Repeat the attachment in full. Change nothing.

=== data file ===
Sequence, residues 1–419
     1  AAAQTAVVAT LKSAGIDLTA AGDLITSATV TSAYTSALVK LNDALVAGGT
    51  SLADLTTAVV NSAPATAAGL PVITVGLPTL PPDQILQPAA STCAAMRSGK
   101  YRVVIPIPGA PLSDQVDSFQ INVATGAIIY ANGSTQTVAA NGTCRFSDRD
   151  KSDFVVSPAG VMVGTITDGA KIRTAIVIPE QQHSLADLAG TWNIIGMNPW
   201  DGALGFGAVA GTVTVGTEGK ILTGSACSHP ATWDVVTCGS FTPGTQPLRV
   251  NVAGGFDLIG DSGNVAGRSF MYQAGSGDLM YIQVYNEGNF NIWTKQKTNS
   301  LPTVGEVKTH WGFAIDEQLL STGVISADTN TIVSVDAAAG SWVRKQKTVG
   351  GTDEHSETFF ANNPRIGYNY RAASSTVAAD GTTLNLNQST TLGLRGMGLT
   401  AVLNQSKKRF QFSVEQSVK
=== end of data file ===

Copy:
Sequence, residues 1–419
     1  AAAQTAVVAT LKSAGIDLTA AGDLITSATV TSAYTSALVK LNDALVAGGT
    51  SLADLTTAVV NSAPATAAGL PVITVGLPTL PPDQILQPAA STCAAMRSGK
   101  YRVVIPIPGA PLSDQVDSFQ INVATGAIIY ANGSTQTVAA NGTCRFSDRD
   151  KSDFVVSPAG VMVGTITDGA KIRTAIVIPE QQHSLADLAG TWNIIGMNPW
   201  DGALGFGAVA GTVTVGTEGK ILTGSACSHP ATWDVVTCGS FTPGTQPLRV
   251  NVAGGFDLIG DSGNVAGRSF MYQAGSGDLM YIQVYNEGNF NIWTKQKTNS
   301  LPTVGEVKTH WGFAIDEQLL STGVISADTN TIVSVDAAAG SWVRKQKTVG
   351  GTDEHSETFF ANNPRIGYNY RAASSTVAAD GTTLNLNQST TLGLRGMGLT
   401  AVLNQSKKRF QFSVEQSVK